Funding

This work was supported by the Danish Cancer Society under grant R72-A4618 (Aron Charles Eklund); the Novo Nordisk Foundation under Grant 16,854 (Zoltan Szallasi); the Breast Cancer Research Foundation (Zoltan Szallasi); the Danish Council for Independent Research under Grant 1331-00283 (Sine Reker Hadrup, Zoltan Szallasi), and 7014-00055 (Morten Nielsen, Zoltan Szallasi, Sine Reker Hadrup).

Supplementary Material

The Supplementary Material for this article can be found online at http://www.frontiersin.org/article/10.3389/fimmu.2017.01566/full#supplementary-material.

Figure S1. Average similarity between peptide pairs with single mutations at different locations within the peptide. The plot was estimated from 3420 single mutant peptide pairs (20 random natural peptides each mutated to 19 single mutant variants at each of the 9 peptide positions).

Table S1. Characteristics of peptides analyzed in this study.

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Keywords: neoepitopes, neoantigens, prediction, immunogenicity, mutations, MHC binding

Citation: Bjerregaard A-M, Nielsen M, Jurtz V, Barra CM, Hadrup SR, Szallasi Z and Eklund AC (2017) An Analysis of Natural T Cell Responses to Predicted Tumor Neoepitopes. Front. Immunol. 8:1566. doi: 10.3389/fimmu.2017.01566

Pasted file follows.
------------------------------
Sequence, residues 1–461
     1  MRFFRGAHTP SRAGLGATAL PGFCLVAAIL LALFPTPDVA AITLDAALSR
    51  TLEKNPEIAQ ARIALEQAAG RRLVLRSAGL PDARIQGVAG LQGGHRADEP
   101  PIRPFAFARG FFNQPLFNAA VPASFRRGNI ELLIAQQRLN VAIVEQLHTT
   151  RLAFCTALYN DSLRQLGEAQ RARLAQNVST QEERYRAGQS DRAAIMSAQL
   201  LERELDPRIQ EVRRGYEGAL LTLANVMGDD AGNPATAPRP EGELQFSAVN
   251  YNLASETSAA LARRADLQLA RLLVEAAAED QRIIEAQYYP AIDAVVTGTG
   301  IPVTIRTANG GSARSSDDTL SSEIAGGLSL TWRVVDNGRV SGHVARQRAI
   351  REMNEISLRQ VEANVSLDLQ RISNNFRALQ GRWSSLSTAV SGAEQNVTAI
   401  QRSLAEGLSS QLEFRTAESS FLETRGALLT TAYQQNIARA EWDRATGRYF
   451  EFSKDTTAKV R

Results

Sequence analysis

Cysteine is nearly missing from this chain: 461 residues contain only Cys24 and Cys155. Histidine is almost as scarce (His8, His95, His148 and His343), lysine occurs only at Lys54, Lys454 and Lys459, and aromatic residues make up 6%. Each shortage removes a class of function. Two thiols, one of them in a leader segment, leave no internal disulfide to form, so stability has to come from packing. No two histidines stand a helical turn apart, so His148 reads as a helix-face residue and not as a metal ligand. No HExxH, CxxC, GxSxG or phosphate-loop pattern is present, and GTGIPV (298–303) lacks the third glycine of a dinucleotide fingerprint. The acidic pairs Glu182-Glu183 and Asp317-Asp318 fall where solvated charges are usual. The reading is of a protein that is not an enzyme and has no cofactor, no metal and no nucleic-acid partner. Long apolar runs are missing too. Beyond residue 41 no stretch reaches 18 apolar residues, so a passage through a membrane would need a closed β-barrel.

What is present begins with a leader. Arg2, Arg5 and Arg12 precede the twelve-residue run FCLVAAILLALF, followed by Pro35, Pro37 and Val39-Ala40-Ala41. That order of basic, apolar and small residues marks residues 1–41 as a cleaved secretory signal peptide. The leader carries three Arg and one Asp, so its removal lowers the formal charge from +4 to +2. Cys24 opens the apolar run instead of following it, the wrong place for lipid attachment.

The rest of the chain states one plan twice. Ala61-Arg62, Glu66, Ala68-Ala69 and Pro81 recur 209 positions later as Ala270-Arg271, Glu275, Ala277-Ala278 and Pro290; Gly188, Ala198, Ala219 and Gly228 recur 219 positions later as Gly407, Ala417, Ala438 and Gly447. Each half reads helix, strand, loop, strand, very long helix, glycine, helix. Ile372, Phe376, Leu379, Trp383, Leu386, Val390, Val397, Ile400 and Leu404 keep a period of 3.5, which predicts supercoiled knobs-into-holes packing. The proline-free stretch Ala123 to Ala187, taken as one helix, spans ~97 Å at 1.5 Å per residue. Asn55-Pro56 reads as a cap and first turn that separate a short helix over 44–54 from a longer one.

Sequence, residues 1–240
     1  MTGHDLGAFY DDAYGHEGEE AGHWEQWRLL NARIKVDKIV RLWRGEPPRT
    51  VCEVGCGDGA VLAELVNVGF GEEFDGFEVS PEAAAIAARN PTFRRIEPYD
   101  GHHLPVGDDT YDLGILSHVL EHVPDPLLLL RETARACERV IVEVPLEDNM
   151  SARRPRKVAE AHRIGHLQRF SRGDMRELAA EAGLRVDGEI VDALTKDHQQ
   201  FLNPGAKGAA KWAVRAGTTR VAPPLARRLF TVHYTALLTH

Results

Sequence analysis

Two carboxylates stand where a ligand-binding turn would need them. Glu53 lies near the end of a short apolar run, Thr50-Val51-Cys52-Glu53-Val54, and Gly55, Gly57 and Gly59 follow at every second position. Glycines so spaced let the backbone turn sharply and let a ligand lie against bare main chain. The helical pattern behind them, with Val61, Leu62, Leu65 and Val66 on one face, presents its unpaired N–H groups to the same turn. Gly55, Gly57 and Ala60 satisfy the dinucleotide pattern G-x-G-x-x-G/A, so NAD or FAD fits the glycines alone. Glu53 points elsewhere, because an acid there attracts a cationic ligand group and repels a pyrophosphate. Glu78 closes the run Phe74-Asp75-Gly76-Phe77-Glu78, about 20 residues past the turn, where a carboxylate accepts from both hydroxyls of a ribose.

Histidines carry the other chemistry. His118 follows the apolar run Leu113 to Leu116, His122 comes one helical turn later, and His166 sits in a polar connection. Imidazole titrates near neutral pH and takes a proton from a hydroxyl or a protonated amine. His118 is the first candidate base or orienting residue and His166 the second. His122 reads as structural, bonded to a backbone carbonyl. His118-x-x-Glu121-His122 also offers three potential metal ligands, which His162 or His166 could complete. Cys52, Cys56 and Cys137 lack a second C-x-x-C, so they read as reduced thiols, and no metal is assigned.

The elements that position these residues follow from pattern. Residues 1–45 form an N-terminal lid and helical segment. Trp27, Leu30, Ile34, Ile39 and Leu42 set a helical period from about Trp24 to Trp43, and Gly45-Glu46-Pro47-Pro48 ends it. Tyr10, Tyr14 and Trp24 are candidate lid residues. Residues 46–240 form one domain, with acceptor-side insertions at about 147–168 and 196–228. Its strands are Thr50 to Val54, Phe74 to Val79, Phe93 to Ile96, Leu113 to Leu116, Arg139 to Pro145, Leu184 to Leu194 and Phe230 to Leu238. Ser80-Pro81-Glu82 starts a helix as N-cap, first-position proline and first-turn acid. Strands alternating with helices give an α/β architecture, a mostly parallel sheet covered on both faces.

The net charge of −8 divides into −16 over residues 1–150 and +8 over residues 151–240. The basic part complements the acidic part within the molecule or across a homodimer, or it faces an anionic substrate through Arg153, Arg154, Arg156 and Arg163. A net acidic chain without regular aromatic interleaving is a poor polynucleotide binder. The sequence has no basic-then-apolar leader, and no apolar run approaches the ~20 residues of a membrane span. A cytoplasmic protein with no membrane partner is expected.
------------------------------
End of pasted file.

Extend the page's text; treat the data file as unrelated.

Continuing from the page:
Received: 22 August 2017; Accepted: 01 November 2017;
Published: 15 November 2017

Edited by:

Mustafa Diken, TRON Translational Oncology at the University Medical Center of Johannes Gutenberg University, Germany

Reviewed by:

Martin Löwer, Translational Oncology at the University Medical Center of Johannes Gutenberg University, Germany
Stefan Stevanovic, Universität Tübingen, Germany
Angelika B. Riemer, Deutsches Krebsforschungszentrum (DKFZ), Germany

Copyright: © 2017 Bjerregaard, Nielsen, Jurtz, Barra, Hadrup, Szallasi and Eklund. This is an open-access article distributed under the terms of the Creative Commons Attribution License (CC BY). The use, distribution or reproduction in other forums is permitted, provided the original author(s) or licensor are credited and that the original publication in this journal is cited, in accordance with accepted academic practice. No use, distribution or reproduction is permitted which does not comply with these terms.

*Correspondence: Anne-Mette Bjerregaard, ambj@bioinformatics.dtu.dk;
Aron Charles Eklund, eklund@bioinformatics.dtu.dk